Skip to content Skip to footer

Arrow Going Home

This story appeared in the June 28, 1953 Claremore Progress by R. H. Fowler.

Different versions as told by researching   ceases to die. Destined to be a byword from time it was first used, the name CLAREMORE has a unique historical back ground from which very few facts have been discovered.

Its origin is an Osage name Grah-moh, Gra-moi or Grahmoie, meaning “arrow going home” or hitting the mark and pronounced Gla-mo.  One of the many Indian customs among various tribes was to name a male newborn a worthy name and whoever the first Grah-moh was, he must have been an outstanding warrior to have had his name perpetuated in ensuing generations. Early French traders recorded the name, Grah-moh as they pronounced it Clamo, Clermo and later altered to Clairmont, Clarmont, or Clamore.  The English corrupted it to Claremore. Records show that Claremore was known as Clermont’s Village, Clermont’s Mounds, Claremont, and finally Claremore through a misspelling by a court clerk.

Historical accounts concerning this area reveal the name of not one Chief Clermont, but three: father, son and grandson, all excelling in their own rights as head of the Grah-moh band. The town of Claremore was named for the father who was called “the builder of towns.”  He died a natural death in 1828 and not in the battle of Claremore Mound which to this day is relived and exaggerated as a wonderful story to both young and old natives of Rogers County. There was said to be three villages located not very far apart, being occupied by an Osage tribe divided, and numbering some 5,000, known as Clermont’s Village, Black Dog’s Village and White Hair’s Village. Posona, Pasuga and Pahuska were undoubtedly the first names used by the Osages themselves. Pasuga (Claremont’s Village) was situated on the east side of the Persimmon River (later charted “Verdigris” by mapping French traders so-named when very low) near the rugged, rocky Claremore Mound and Posona (Black Dog’s Village) on Dog Creek, was east of the present site of Claremore. Concerning the location of the third village, Pahuska (White Hair’s Village), records have little to say but strange as it seems, history repeated thrice in the site of Claremore was indeed coincidental:  the three related Grah-moh Osages, the three villages, the three Claremore sites under three Indians-Chief Clermont, the Osage; John Bullette, the Delaware and Teesey Chambers, the Cherokee.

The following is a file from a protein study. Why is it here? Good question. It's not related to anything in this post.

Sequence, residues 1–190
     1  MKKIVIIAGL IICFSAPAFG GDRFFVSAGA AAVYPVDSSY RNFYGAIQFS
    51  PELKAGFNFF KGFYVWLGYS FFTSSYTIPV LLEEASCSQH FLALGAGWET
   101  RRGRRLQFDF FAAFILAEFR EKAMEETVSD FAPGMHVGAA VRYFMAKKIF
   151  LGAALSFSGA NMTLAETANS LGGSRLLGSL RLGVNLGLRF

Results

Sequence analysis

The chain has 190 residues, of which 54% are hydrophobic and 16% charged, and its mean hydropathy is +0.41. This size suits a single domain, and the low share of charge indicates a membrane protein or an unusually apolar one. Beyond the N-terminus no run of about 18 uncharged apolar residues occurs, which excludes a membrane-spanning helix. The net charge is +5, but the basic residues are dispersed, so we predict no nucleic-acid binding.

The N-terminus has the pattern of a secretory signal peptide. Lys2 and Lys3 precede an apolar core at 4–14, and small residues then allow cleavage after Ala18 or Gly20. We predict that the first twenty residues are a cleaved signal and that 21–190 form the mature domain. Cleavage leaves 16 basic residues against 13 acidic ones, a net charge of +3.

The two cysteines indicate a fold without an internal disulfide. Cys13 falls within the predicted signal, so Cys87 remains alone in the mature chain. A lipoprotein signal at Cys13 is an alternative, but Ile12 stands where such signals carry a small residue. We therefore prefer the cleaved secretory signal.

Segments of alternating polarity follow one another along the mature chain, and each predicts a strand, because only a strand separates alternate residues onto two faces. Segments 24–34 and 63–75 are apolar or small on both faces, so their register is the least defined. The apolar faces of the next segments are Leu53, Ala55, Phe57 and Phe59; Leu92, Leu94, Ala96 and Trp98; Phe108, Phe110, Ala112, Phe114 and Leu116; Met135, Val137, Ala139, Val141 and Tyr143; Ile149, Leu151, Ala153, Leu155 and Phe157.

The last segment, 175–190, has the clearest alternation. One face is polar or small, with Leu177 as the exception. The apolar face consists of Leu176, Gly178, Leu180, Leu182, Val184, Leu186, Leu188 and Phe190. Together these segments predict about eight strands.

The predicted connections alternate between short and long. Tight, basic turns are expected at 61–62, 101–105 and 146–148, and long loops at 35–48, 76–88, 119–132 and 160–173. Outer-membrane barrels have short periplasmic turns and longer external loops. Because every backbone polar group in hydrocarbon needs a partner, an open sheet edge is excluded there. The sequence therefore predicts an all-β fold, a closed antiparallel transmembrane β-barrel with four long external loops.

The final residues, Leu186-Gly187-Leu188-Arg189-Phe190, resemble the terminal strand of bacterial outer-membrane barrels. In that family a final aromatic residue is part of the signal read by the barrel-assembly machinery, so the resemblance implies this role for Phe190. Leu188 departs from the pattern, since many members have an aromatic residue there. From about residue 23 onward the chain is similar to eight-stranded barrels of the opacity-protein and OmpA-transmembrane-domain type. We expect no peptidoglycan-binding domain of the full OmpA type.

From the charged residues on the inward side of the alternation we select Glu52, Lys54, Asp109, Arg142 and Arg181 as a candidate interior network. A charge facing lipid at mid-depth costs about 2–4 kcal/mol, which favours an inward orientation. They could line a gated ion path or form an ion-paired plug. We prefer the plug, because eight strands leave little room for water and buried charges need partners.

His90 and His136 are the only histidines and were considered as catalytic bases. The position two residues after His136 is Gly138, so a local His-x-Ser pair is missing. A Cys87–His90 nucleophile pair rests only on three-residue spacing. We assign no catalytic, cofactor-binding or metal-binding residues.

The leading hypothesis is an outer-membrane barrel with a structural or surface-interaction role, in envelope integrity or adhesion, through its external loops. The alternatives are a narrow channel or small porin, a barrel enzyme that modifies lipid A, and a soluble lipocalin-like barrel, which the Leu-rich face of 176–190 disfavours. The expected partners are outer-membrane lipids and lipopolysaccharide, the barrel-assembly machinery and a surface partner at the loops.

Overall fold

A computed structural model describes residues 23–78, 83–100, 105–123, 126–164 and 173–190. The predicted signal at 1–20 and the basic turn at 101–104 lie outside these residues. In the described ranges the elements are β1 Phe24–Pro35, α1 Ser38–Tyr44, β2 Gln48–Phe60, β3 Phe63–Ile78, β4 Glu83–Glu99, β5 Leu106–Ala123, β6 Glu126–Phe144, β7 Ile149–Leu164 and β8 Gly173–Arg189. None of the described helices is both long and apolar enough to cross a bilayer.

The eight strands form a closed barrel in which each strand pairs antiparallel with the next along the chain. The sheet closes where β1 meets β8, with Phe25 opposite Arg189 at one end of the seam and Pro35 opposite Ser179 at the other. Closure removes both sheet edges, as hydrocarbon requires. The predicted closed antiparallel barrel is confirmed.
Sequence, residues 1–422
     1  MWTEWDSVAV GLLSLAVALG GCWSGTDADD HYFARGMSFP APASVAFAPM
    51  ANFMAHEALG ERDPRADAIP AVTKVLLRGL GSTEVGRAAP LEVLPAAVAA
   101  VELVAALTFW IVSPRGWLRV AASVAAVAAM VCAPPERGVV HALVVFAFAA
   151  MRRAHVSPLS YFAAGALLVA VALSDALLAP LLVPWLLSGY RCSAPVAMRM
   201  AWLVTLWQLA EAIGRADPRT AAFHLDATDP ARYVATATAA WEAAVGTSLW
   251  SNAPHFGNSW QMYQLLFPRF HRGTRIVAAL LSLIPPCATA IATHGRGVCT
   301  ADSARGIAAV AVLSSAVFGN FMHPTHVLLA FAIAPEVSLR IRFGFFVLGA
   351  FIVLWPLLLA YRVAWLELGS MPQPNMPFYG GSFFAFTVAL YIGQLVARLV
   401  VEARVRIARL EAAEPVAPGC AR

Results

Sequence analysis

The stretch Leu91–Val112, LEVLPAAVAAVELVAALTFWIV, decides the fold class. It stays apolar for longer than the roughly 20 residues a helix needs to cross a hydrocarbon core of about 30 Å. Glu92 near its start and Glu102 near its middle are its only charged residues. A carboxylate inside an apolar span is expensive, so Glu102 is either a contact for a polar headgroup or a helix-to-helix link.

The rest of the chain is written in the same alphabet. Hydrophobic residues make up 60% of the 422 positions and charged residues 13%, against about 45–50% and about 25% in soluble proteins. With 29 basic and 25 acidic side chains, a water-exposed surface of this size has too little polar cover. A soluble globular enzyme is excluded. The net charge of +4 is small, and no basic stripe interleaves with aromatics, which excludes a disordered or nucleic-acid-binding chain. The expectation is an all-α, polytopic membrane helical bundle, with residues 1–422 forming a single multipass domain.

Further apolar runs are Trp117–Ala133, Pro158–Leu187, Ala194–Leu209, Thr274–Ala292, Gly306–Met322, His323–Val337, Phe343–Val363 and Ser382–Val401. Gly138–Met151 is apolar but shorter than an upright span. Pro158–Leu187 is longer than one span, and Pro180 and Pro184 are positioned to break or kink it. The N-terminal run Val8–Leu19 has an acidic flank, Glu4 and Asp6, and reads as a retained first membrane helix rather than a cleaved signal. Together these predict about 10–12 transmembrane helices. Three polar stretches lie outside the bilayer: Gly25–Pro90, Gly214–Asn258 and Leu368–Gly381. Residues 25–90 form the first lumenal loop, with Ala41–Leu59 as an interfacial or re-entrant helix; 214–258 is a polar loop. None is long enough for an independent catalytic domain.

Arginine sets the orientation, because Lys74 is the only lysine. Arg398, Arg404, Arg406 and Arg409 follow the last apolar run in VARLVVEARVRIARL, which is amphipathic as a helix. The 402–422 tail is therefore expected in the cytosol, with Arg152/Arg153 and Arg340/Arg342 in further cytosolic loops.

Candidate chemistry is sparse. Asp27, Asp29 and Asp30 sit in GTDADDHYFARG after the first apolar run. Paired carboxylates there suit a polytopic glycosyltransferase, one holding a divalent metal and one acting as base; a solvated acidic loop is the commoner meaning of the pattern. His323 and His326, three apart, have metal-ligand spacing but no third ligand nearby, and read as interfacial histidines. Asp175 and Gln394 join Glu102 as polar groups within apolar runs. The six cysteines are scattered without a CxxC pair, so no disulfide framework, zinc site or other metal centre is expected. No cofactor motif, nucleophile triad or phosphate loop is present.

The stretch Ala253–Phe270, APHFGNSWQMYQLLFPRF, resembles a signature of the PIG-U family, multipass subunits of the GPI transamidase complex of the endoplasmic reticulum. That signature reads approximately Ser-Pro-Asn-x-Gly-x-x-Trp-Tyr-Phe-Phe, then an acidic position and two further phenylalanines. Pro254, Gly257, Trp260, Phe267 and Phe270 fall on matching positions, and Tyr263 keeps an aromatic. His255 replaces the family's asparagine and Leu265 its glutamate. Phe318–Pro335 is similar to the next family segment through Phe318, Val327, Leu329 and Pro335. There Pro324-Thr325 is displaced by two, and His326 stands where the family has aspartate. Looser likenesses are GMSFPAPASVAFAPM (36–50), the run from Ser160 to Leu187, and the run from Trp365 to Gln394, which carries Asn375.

Claremore has indeed come a long way since its incorporated September 24, 1896. First figures accounted for, it was said to be a small village of some 250 residents in 1895. The first official census given in 1900 records 855. The following figures denote the steady growth throughout the years:  1907- 2064; 1910-2866; 1950-5949, and slowly the “arrow going home” seems to aim straight and true since its evolution from the Indian village to a modern small town.

Claremore Museum of History© 2024